The Patient Protection
and Affordable Care Act (PPACA), often called Obamacare, is a United States
federal statute enacted by the 11th United States Congress and signed into law
by President Barack Obama on March 23, 2010 (Patient Protection). The
Patient Protection and Affordable Care Act is universal healthcare. Universal healthcare is “an organized
healthcare system that provides healthcare benefits to all person in a specified
region” (Staff, Investopedia). Democratic Party Platform stated, “Democrats
have been fighting to secure universal health care for the American people for
generations, and we are proud to be the party that passed Medicare, Medicaid,
and the Affordable Care Act” (Health Care).
Democrats over the decades have been fighting for the idea that everyone
should have security in health care (Health Care). Its other purpose was to make health
insurance more affordable for individuals (Affordable). “Expand the
Medicaid program to cover all adults with income below 138% of the federal
poverty level and support innovative medical care delivery methods designed to
lower the costs of the health care generally” (Affordable). There
have been many issues with this act for many years. Now that Donald Trump
has become president Obamacare might be repealed. Should Obamacare be
repealed and replaced because of the many issues involving it?
study done in 2013 by Carnegie Mellon University found that 86 percent of Americans
between 25 and 64 did not understand Obamacare (Neporent, Liz). ABC NEWS
clarified that it works “by offering consumers discounts on
government-sponsored health insurance plans”. PPACA has changed the other
insurance companies’ rules. In the past when customers had diabetes or
another pre-existing medical condition they could be turned down for insurance,
or the cost of coverage would rise (Neporent, Liz). “Now you can’t be
turned down for any reason, and the hope is that costs will be contained” (Neporent,
Liz). There is also talk that if you do not buy insurance you are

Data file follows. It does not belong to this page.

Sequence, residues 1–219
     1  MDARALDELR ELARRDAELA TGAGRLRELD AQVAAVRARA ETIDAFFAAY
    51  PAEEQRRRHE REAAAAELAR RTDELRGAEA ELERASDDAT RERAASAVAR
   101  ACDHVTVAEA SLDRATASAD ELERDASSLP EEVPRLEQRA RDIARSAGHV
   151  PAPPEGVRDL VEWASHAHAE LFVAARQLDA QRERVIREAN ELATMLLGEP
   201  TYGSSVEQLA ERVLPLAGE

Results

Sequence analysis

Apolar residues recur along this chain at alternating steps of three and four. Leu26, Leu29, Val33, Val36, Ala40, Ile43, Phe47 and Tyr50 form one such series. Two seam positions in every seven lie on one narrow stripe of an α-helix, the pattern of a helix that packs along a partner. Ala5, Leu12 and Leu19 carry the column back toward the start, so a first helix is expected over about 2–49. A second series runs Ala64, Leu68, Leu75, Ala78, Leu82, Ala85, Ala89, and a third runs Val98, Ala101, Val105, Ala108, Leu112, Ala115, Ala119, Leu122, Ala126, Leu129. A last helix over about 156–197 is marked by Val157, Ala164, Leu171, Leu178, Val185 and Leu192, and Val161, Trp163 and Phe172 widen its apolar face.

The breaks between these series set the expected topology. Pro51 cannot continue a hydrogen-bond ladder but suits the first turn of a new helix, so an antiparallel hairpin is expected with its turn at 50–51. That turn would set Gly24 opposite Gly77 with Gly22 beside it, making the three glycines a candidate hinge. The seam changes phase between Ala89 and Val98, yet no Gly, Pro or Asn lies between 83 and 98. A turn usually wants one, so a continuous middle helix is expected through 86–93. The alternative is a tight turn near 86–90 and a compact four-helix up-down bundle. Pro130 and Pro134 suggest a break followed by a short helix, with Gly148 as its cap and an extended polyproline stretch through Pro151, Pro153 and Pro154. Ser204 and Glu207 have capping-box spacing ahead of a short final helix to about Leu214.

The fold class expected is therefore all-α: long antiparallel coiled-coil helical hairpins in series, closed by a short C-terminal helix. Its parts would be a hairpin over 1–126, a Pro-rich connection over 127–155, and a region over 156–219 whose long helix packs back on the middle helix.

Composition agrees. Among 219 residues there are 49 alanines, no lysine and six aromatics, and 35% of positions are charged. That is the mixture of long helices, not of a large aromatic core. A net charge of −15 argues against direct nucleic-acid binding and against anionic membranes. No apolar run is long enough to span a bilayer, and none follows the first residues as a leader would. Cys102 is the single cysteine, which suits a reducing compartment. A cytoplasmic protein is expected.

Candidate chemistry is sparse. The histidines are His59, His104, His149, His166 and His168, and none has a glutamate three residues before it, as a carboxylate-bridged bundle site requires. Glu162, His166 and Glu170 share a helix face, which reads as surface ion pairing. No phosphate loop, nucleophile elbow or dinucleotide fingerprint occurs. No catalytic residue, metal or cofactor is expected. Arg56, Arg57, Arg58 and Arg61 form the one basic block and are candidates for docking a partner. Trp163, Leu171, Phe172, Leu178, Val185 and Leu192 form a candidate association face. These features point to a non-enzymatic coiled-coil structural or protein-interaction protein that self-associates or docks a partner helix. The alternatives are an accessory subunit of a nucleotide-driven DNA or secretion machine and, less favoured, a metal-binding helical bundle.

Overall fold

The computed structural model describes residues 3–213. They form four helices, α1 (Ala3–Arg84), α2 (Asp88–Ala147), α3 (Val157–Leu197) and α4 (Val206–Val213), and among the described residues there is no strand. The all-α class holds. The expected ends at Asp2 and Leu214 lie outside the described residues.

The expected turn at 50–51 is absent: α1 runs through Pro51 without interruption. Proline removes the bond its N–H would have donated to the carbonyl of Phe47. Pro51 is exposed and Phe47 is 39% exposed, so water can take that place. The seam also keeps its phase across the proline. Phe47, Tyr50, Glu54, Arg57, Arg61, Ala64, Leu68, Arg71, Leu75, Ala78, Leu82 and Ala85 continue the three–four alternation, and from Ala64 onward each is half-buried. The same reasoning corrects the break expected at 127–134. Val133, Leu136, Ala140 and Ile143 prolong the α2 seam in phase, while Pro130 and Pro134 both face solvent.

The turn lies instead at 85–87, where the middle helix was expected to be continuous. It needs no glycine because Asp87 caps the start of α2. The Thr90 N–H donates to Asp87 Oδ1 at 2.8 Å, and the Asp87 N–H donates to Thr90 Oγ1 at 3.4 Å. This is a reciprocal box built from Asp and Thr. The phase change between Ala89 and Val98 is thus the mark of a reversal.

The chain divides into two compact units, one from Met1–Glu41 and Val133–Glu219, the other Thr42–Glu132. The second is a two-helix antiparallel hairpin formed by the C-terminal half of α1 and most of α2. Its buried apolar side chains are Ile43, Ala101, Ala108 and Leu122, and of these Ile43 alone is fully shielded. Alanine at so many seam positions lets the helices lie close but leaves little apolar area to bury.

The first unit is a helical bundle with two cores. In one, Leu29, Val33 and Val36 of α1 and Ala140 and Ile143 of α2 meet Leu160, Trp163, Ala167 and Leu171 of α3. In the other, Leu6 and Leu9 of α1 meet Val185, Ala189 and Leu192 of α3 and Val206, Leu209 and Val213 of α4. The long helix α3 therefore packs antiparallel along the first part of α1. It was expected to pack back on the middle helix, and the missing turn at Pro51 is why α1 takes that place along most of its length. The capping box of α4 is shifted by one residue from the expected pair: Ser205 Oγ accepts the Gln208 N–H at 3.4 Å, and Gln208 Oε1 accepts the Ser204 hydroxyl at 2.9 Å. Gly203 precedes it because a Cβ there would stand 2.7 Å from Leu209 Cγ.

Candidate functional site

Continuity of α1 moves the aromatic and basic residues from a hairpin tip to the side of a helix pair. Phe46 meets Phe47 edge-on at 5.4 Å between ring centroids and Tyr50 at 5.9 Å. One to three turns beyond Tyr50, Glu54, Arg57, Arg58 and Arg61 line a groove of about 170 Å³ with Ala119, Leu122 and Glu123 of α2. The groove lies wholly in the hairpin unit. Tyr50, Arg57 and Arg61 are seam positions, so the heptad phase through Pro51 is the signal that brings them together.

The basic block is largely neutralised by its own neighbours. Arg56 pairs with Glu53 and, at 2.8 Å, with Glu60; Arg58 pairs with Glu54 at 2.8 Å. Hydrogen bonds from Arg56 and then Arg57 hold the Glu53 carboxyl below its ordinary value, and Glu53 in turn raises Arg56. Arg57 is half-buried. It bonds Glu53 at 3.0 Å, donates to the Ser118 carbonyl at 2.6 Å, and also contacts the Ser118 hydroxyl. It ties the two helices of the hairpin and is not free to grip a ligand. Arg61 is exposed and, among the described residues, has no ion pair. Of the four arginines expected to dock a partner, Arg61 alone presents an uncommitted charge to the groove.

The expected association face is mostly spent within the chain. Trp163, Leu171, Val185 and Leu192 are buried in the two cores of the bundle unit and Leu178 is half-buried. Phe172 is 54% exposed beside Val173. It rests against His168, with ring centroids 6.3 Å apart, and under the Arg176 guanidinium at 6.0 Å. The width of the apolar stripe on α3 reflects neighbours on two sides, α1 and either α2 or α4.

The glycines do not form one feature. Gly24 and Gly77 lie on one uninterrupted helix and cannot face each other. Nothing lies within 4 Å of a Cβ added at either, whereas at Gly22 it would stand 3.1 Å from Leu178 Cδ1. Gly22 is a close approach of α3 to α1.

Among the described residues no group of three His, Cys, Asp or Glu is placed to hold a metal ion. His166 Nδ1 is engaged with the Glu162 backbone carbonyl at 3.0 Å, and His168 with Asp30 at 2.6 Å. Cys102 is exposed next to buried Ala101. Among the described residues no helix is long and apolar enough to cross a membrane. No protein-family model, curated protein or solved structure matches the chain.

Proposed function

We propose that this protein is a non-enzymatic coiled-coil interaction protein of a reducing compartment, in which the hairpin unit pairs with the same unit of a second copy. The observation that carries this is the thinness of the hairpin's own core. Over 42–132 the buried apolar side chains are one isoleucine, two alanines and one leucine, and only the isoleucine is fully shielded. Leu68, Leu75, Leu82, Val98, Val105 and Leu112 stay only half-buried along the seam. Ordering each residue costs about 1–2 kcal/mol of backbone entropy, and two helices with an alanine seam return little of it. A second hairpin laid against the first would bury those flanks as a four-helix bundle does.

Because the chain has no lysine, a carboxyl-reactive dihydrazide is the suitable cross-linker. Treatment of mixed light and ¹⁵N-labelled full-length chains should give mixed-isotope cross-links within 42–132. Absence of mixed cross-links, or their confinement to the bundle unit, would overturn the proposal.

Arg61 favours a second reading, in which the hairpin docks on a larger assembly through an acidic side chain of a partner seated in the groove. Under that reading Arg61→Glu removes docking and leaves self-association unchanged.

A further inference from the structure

penalized. “But any American who meets certain income-based criteria must
now, by law, have insurance, Medicare or Medicaid or pay a penalty that will be
leveled when you file your tax return” (Neporent, Liz).
The cost of Obamacare depends on five factors: your age,
income, family size, location, and the type of plan you (Amadeo, Kimberly). This is because they provide subsidies, which
is a financial assistance that helps people pay for something, for
middle-income individuals, families, and small businesses (Amadeo, Kimberly). The first factor would be the plan
chosen. Obamacare has four health
insurance plans called bronze, silver, gold, and platinum. Bronze has 60
percent coverage, lowest premium, high deductible, and no cost-sharing
subsidies (Vore, Amy De). Silver has 70 percent coverage, 2nd lowest
premium, separate medical and Rx deductibles, and cost-sharing subsidies (Vore,
Amy De). Gold has an 80 percent coverage, higher premium, no deductible,
and no cost-sharing subsidies (Vore, Amy De). Platinum is the highest
premium out of all of them with a 90 percent coverage, no deductible, and no
cost-sharing subsidies (Vore, Amy De). They all offer the same ten health
benefits. These benefits are preventive
and wellness visits, maternity and newborn care, mental and behavioral health
treatment, services, lab tests, pediatric care, prescription drugs, outpatient care,
hospitalization, and emergency room services (Amadeo, Kimberly). Secondly, age can influence the cost. Insurance companies are allowed to charge
older people with higher premiums. However,
they cannot charge more than three times the premium of the cost for younger
people Amadeo, Kimberly). The second most important category cost is determined